Another taxi took us to Hindhu matha road where we did some shopping. This place is famous for sarees and dress materials for women, sold at whole sale rate. It is similar to chickpet in Bangalore but only difference being that it is 3 times bigger.

Just when I thought that the similarity between cities ended another familiar behavior of taxi drivers connected them across the cities. No one was ready to take us to Wadala station as it was close by, just like the auto drivers in Bangalore. But there was one kind old man who told us - agaar koyi nahi aya tho aa jayiye, main avunga." (if nobody comes I shall take you there) And like he had told no taxi drivers nodded their head to our destination so we returned to him and he smilingly welcomed us and we reached the station.
The return journey was so rough that we had to literally blend in with the Mumbai crowd. It surely got us lot closer to the city and its people. :-)  And then there were common sights of people helping each other identify stations, offering seats, adjusting seats etc.

City & Life –

One evening we had a small get together party arranged by my sister at a hotel in Bhelapur. Couple of my relatives who live in Mumbai came there - My uncle and aunt, my mom’s cousin and his wife, my cousin, his wife and their two children. As there was no single table to accommodate us we had to split up and we sat with the youngsters – M and R….M is the eldest daughter of my cousin and has completed her CA and R is doing his engineering. It was interesting to hear their version of the city on how they enjoy different food joints, shopping areas and how safe it is to travel alone even at midnight. On the other hand Bangalore goes into deep sleep at 10:30 PM. My cousin narrated a story about how they found all restaurants closed at 11 PM on a new years eve in Bangalore. While here the city is literally awake all night. But I was yet to witness this statement which I always thought as an exaggeration.

Ganesh bhai had a school friend who works at a film studio in Karjar and looking at my interest in photography he thought I would enjoy the visit there. The film studio is owned by the famous art director Nitin Desai. After witnessing some candid moments between the two school friends meeting after a long time and listening to their interesting stories on pranks they played in school and how every teacher thought that nothing could be of them etc we took a tour of the studio.

The studio was filled with sets. Many famous films had been shot here including Jodha Akbar and Guzzarish. On that day there was no shooting but we did see a recently built set for a Marathi film called Ajanta which apparently is running under some controversies at the moment. So thus we got a glimpse of the major attraction of this city that like a magnet attracts thousands of people towards it - Bollywood.

The sets were very impressive but I could not help noticing loads and loads of plastic and fiber that cannot be reused or discarded.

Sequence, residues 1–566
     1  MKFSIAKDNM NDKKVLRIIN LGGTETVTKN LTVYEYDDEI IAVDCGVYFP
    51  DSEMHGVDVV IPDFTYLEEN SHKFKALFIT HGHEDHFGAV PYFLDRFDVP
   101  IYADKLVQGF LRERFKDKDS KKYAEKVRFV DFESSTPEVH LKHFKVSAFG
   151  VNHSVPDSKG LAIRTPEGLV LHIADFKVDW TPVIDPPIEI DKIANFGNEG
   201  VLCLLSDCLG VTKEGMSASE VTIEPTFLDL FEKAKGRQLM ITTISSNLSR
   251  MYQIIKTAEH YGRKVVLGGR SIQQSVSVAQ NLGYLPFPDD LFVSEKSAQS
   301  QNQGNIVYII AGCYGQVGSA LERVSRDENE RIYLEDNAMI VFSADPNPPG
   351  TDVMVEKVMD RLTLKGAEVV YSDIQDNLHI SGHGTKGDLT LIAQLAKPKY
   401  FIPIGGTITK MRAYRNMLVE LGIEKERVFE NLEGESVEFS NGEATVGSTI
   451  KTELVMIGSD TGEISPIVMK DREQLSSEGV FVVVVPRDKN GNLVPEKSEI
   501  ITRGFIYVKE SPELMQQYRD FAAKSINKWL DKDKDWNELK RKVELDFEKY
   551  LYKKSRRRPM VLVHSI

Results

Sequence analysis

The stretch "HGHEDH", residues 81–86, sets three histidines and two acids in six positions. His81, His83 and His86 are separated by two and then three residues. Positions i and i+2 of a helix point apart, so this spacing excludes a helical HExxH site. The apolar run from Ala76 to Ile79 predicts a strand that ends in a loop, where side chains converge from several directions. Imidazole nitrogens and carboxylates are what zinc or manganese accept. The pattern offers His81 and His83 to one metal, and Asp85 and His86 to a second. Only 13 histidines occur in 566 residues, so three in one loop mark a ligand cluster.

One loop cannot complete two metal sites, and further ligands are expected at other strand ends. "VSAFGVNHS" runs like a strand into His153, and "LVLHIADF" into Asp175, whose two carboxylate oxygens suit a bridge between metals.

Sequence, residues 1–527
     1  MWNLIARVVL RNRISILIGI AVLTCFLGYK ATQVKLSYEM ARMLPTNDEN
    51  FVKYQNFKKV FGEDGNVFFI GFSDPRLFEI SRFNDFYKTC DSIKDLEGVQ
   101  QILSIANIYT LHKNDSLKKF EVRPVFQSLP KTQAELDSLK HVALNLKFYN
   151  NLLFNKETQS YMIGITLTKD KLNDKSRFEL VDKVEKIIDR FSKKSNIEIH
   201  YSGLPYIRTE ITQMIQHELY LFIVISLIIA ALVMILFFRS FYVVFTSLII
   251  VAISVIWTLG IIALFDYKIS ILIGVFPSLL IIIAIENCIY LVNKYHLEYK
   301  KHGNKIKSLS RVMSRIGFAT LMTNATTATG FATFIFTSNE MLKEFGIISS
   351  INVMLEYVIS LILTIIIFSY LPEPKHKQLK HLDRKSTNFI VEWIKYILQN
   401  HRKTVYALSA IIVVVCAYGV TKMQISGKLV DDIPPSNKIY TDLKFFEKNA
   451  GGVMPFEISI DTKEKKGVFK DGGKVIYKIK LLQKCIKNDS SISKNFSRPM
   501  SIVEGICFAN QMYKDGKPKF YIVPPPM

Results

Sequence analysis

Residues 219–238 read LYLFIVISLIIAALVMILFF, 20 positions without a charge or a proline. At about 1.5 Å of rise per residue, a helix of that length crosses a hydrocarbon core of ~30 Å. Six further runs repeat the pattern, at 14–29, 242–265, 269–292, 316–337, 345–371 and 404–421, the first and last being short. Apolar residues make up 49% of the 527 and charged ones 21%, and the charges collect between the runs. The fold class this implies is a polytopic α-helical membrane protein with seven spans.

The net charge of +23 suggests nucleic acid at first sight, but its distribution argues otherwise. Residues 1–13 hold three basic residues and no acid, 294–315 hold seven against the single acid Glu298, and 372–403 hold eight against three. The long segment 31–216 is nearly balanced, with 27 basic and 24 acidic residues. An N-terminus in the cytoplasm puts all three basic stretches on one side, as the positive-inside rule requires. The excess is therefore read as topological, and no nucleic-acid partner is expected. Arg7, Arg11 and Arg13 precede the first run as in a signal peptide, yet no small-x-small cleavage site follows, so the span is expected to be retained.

People –

People from Mumbai represent almost whole of India. People from every part of the country are here, just like what Bangalore is going to be in a few years. 

As far as I have noticed, the people of Maharastra are passionate about three things – Marathi language, Shivaji Maharaj and Ganesha Festival. During our visit to the studio we were looking at the warehouse were they store art works and as we delayed by taking pictures at one place, Ganesh bhai and his friend waited long for us to get to the spot where sat an idol of Shivaji maharaj with a thoughtful look. There was a sense of pride in the two as they showed us the statue; statue of their most popular king.

In front of the statue was a Ganesha idol and we were informed about the most famous Ganesha at Lalbagh and the visarjan at Juhu beach. On the third day after Ganesh Chaturthi, as the devotees send off their Ganesha idols at Juhu beach, it creats a beautiful moment and scene; that I am yet to witness.

However one cannot deny the fact that Mumbai is situated in Maharastra where majority of people speak Marathi and like in every big city, there is always a clash between the localites and the immigrants. Mumbai too has seen some riots against UP and Bihar workers who they thought are stealing their jobs. MNS party tried to use this as their campaign strategy. However I was glad to listen to the two friends who dealt with this subject intelligently and more sensitively like the educated class in any city. They agreed that localites always expected white collar jobs but the hard work that these immigrants put on any kind of job is worth the appreciation. They also spoke of a Marathi film called “Me Shivajiraje Bhosale Boltoy”, that they believe helped dilute the issue and pointing finger at their own people. I have seen such riots in Mangalore against MRPL much before that city can be any big as Mumbai. Bangalore is not exception and so is any other growing city. What do we see int he US?

After all said and done, man needs to be passionate about something in his life. He has to take pride in his history and his values keeping in mind the present circumstances and present living conditions. It is important to be aware of the history but not repeat it. 

A night drive through the city that never sleeps –

I wanted to see the Mumbai blend with the night. We requested Ganesh Bhai who knows the city well to drive us there. It was very kind of him to accept. So we started at around 6 PM and reached Bandra reclamation area at around 8:30 PM after several traffic jams, Drive through busy streets of Dharvai famous for its leather goods (other than of course the slum). Deeksha’s mimicry kept us entertained throughout the drive. Bandra band stand was occupied with hundreds of love birds romancing by the main road. So we had to pick a descent spot for our photographs. The scene was breath taking. 

Next a drive on the newly constructed varli sealink and drove across the city to reach Nariman point. We reached marine drive at around 9:30 PM and I was surprised to see it as crowded as 6PM in Bangalore. The pathway was filled with families enjoying the sea and the night view. The crowd kept increasing. The drive around the city was fun and we passed through Victoria terminus, JJ school of art where my guru had studied.
We stopped at Chembur for some tasty pav bhaji in a restaurant that obviously is run by someone from Kundapura. By the time we had finished our dinner it was 12 AM and the restaurant was still crowded. After a tasty sweet pan we drove back home.

We reached Panvel at around 1 AM, driving through a busy traffic even at that hour of night on a weekday. I was bowled by the life in this city. It’s so very lively and active, of course for someone who enjoys night life.

And about the misconception that the quote was an exaggeration... that exists no more. :-)